Major uncertainties continue to persist when it comes to the question of how dementias can be prevented or their progress retarded at all ages. This is the focus of “Preventing Cognitive Decline and Dementia”, a study of the National Academies of Science, Engineering and Medicine, which is determining the current state of research on behalf of the National Institute on Aging (NIA). “No specific interventions for maintaining cognitive health were able to be identified. However, the overarching message we can derive from the findings so far is: Keep your body and brain working in order to protect cognition,” Prof Kawas said.
Cognitive training includes, for example, problem-solving tasks or exercises that put demands on memory or the speed of mental processing. There is currently no evidence of the efficacy of commercial computer-based brain training exercises. They appear to have only short-term effects and just in connection with the same tasks that are practiced over and over, Prof. Kawas noted.
Physical activity – or the lack thereof – was identified as one of the risk factors open to influence that has the greatest effect on cognitive disorders and dementia. A study (AHRQ Systematic Review) shows that exercise can play a part in postponing or slowing down age-related cognitive decline. On including data from a prospective cohort study and findings from neurobiological processes, the study committee decided, however, that the conclusive evidence has not yet been furnished in this regard.
Getting high blood pressure under control appears to be important for cognitive health as well. That is especially true of mid-life between ages 35 and 65. Even if decisive evidence has not yet been furnished, there are increasing indications that keeping high blood pressure in check can prevent, postpone or retard dementia. “Interestingly, while blood pressure control is generally an important preventive factor, the picture is slightly different in the 90+ age group”, Prof Kawas said. “In the oldest-olds, there are indications that higher blood pressure might even have a certain protective effect.”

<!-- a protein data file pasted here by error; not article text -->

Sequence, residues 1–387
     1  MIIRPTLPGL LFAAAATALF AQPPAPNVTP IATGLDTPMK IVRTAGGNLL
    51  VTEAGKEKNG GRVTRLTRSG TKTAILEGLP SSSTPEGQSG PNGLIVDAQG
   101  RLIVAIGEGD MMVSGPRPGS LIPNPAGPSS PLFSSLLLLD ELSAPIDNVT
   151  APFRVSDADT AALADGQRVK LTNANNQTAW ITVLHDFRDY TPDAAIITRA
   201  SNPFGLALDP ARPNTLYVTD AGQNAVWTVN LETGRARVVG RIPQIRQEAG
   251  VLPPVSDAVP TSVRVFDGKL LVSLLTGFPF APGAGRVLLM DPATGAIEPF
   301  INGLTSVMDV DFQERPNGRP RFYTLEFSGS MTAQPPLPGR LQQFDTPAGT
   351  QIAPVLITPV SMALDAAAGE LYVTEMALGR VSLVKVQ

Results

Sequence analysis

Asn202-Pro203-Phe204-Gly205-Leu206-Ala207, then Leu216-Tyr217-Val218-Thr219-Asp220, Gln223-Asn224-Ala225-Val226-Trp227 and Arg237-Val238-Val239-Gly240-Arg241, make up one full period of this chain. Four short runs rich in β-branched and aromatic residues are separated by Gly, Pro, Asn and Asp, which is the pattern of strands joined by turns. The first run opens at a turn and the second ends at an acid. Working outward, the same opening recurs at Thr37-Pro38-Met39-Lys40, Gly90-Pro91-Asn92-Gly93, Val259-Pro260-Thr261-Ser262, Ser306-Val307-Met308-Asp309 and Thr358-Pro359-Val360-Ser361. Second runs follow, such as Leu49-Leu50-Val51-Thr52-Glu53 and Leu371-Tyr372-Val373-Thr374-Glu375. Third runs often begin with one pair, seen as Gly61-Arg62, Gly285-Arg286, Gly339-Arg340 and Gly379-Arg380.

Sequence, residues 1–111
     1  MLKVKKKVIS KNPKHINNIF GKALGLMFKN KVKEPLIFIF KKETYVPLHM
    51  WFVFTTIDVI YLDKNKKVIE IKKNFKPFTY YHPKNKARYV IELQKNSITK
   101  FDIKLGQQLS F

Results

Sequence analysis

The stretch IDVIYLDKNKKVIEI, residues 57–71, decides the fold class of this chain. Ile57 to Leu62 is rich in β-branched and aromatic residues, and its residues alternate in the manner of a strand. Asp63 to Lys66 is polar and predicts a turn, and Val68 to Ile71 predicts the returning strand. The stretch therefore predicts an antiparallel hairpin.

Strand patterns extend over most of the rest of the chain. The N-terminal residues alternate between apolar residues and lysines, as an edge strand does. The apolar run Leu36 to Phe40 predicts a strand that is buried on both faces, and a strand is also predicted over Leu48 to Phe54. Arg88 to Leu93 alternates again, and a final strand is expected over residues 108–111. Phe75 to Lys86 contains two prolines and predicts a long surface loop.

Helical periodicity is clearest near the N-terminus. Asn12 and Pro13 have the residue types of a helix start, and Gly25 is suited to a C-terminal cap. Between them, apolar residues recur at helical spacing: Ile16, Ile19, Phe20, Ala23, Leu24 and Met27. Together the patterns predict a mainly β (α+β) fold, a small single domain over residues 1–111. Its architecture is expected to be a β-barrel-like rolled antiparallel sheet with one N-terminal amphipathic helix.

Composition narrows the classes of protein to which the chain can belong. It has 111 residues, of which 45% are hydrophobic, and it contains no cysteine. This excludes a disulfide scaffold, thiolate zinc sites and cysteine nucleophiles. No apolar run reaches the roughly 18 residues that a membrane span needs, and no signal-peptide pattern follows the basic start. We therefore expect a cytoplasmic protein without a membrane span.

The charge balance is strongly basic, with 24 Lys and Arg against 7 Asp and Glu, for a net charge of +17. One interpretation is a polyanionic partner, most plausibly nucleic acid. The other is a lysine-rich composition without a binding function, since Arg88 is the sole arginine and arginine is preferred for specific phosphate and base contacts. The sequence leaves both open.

Research approaches with a sharper focus
“People should be suitably informed about what they can do to prevent cognitive decline from the standpoint of today’s scientific knowledge. The results of the report do not form a suitable basis for deriving public health strategies to counter the wide-spread disease of dementia. We need further studies to be able to better assess the effect of potential measures,” Prof. Kawas emphasized.
The committee suggested taking research approaches that are more refined, that examine different segments of the population separately and for example, that consider the ethnic or socioeconomic background of people or the time at which anti-dementia interventions are taken. It also said that further treatments for the affected individuals had to be incorporated. These include new anti-dementia treatments, diabetes and depression therapies, lipid-reducing drugs, the administration of B12plus folic acid or interventions focusing on nutrition, sleep quality or social involvement.